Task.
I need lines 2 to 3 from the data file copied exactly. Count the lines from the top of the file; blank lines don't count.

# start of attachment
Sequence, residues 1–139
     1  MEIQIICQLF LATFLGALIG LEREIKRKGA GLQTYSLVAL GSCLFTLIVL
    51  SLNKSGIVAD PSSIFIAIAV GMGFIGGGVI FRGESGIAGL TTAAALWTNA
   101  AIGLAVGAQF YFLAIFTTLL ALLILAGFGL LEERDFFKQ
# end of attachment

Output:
     1  MEIQIICQLF LATFLGALIG LEREIKRKGA GLQTYSLVAL GSCLFTLIVL
    51  SLNKSGIVAD PSSIFIAIAV GMGFIGGGVI FRGESGIAGL TTAAALWTNA